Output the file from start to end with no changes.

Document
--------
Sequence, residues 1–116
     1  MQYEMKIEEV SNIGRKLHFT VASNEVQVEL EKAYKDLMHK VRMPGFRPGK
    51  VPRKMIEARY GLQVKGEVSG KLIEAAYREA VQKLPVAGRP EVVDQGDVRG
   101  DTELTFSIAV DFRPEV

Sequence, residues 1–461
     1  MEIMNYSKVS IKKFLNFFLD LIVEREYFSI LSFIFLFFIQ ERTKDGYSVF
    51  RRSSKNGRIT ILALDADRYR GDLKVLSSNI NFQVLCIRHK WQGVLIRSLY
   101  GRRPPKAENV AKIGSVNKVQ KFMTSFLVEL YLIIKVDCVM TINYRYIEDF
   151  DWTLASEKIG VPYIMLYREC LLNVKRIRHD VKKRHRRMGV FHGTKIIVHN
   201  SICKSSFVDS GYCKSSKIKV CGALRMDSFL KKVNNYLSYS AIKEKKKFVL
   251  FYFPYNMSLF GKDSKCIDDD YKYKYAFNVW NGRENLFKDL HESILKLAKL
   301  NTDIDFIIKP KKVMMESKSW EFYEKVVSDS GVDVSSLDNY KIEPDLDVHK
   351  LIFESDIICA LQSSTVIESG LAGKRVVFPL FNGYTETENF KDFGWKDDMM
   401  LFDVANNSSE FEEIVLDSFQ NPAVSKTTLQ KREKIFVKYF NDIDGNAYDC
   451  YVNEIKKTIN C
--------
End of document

Sequence, residues 1–116
     1  MQYEMKIEEV SNIGRKLHFT VASNEVQVEL EKAYKDLMHK VRMPGFRPGK
    51  VPRKMIEARY GLQVKGEVSG KLIEAAYREA VQKLPVAGRP EVVDQGDVRG
   101  DTELTFSIAV DFRPEV

Sequence, residues 1–461
     1  MEIMNYSKVS IKKFLNFFLD LIVEREYFSI LSFIFLFFIQ ERTKDGYSVF
    51  RRSSKNGRIT ILALDADRYR GDLKVLSSNI NFQVLCIRHK WQGVLIRSLY
   101  GRRPPKAENV AKIGSVNKVQ KFMTSFLVEL YLIIKVDCVM TINYRYIEDF
   151  DWTLASEKIG VPYIMLYREC LLNVKRIRHD VKKRHRRMGV FHGTKIIVHN
   201  SICKSSFVDS GYCKSSKIKV CGALRMDSFL KKVNNYLSYS AIKEKKKFVL
   251  FYFPYNMSLF GKDSKCIDDD YKYKYAFNVW NGRENLFKDL HESILKLAKL
   301  NTDIDFIIKP KKVMMESKSW EFYEKVVSDS GVDVSSLDNY KIEPDLDVHK
   351  LIFESDIICA LQSSTVIESG LAGKRVVFPL FNGYTETENF KDFGWKDDMM
   401  LFDVANNSSE FEEIVLDSFQ NPAVSKTTLQ KREKIFVKYF NDIDGNAYDC
   451  YVNEIKKTIN C